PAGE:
Unfortunately, anyone can call themselves a nutritionist without any formal background or training. The road to becoming a registered dietitian consists of several academic and professional achievements including a Bachelors of Science Degree in Dietetics, a year-long internship, and passing a national exam. Once the credentials are obtained, RDs must receive ongoing continuing education and re-certification every five years. Additionally, many dietitians have advanced degrees as well as specialty certifications in personal training, diabetes education, weight loss management, pediatrics or culinary arts for example.

What a Registered Dietitian Can Do For You

  • Assist with weight gain or loss and help you to set goals in an effective and safe way without abandoning major food groups or nutrients
  • Help to manage food allergies or intolerances and still ensure you are getting the nutrition you need while avoiding the foods that are not tolerated
  • Help to manage disease such as diabetes, heart disease or high blood pressure and teach you how certain foods affect and improve these issues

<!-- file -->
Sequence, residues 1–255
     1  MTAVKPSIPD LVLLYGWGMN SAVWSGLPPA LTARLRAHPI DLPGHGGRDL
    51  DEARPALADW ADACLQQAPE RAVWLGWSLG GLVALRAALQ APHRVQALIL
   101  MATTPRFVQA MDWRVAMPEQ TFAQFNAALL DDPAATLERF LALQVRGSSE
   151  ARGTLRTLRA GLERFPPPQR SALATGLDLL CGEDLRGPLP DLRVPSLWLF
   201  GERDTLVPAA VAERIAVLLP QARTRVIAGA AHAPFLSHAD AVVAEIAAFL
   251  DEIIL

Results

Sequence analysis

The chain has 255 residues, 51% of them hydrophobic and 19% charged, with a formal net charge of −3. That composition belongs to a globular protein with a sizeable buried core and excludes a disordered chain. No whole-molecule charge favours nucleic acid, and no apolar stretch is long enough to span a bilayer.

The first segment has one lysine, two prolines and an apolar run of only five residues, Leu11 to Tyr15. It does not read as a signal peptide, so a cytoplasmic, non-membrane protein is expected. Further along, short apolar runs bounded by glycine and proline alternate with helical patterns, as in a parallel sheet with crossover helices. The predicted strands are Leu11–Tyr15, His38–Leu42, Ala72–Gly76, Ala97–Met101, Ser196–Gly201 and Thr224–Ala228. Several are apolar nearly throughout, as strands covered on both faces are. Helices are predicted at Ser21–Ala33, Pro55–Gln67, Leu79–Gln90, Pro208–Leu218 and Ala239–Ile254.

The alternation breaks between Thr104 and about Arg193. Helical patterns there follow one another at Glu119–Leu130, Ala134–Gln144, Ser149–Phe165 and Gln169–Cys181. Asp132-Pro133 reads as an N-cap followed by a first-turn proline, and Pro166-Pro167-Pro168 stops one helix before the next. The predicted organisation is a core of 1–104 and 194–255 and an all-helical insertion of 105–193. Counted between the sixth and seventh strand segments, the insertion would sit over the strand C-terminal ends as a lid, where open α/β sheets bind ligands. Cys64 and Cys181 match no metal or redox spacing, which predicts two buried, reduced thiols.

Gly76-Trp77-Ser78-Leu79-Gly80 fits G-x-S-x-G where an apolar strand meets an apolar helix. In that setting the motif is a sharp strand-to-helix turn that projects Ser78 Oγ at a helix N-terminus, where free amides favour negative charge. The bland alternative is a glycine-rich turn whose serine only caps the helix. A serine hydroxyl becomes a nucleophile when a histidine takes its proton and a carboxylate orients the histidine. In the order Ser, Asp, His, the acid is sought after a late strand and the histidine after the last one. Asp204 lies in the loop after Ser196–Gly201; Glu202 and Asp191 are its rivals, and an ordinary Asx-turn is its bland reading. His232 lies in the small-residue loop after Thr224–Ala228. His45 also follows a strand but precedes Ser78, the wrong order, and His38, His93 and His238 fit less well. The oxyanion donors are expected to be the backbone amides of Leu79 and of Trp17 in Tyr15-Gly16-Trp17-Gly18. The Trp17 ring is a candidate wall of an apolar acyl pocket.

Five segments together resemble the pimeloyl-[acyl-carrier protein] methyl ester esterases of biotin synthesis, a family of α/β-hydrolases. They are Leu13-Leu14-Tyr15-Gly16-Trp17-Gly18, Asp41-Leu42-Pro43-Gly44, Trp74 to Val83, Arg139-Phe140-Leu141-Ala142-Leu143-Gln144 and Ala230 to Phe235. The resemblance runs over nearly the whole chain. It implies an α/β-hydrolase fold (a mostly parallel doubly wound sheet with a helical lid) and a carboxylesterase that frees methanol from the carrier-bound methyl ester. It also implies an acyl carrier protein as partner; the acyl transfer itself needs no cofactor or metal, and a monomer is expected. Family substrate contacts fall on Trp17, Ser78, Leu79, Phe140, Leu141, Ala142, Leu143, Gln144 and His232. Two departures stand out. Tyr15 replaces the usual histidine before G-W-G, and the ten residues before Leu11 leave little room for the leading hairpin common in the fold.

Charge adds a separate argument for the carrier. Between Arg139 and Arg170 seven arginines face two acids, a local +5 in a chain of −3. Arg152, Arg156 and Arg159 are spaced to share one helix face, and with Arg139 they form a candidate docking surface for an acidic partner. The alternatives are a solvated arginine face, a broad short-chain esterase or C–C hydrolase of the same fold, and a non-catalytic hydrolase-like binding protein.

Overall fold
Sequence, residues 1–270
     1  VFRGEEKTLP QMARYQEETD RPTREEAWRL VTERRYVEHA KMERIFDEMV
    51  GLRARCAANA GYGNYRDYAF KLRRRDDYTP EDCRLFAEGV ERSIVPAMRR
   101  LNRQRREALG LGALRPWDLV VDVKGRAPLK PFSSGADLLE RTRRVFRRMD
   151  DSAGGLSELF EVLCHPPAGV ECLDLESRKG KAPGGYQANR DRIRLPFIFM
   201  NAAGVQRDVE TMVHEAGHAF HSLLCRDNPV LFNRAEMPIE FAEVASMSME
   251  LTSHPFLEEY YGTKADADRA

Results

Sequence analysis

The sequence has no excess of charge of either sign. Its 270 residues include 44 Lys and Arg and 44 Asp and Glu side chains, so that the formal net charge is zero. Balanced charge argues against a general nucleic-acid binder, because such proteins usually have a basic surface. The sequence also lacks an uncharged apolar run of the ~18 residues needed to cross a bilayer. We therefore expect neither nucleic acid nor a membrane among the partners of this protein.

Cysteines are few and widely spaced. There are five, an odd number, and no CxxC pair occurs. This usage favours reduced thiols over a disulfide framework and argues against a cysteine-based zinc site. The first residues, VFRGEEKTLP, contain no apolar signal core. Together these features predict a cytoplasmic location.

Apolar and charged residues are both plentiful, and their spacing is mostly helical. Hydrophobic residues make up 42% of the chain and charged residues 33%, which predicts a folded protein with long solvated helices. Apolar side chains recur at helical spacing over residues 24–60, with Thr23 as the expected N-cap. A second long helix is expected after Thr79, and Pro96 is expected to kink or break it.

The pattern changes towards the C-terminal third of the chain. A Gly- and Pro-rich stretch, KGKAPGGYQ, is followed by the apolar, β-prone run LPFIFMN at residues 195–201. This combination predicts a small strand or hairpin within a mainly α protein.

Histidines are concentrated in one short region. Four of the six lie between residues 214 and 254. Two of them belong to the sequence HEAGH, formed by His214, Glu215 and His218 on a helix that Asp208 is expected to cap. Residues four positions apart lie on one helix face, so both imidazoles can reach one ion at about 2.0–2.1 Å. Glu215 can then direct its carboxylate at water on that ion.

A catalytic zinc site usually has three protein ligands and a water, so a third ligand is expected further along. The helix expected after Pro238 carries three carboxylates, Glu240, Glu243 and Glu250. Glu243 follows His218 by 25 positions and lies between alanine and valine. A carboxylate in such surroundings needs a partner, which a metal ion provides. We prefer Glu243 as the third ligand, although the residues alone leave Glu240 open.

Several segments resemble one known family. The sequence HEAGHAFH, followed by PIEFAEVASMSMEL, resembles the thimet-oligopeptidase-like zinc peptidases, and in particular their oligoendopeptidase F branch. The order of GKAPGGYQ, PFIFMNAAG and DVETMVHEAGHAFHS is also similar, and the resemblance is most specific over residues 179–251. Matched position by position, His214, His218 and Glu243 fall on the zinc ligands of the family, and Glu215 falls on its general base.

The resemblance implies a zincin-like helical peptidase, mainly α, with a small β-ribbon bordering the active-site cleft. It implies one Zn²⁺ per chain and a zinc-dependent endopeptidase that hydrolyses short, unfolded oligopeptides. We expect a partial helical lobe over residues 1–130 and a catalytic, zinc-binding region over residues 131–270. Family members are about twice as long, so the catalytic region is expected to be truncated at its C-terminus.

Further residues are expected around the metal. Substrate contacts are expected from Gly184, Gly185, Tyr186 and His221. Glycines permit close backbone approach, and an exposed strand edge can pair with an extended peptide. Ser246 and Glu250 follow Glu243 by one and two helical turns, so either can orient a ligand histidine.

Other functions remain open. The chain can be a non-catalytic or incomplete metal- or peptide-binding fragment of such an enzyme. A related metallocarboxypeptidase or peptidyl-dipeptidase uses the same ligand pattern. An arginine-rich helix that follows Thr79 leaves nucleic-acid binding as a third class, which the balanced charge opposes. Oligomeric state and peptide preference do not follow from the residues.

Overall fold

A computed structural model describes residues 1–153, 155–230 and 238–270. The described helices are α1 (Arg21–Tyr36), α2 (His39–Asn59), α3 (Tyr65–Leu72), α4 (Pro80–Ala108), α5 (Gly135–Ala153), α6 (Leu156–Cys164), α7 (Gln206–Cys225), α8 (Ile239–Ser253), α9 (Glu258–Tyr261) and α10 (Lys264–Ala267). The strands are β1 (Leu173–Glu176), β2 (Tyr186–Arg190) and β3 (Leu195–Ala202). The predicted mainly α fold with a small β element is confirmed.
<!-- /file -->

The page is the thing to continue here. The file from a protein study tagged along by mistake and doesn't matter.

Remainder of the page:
• Encourage healthier ways to feed your family or children through healthy, inexpensive meal planning
  • Teach you to read food labels and how to make supermarket shopping work for your health and your budget
  • Help you to maximize your workout by planning meals and certain foods around them
  • Assist in eating disorder treatment by helping patients to understand the role of food in their life and body
  • Help to define nutritional needs required for pregnancy and lactation
  • Provide clarity if you are confused about the safety of certain foods or confused about what you should be eating overall
  • Help you to receive nutrition through alternative methods when traditional eating may not be tolerated

These are just some of the ways a registered dietitian can work with you to improve your health, clear the confusion, and personalize your goals so you can Eat Right, Your Way, Every Day. Try out our Premium Services to receive coaching by a dietitian at a lower fee than you would pay in-person.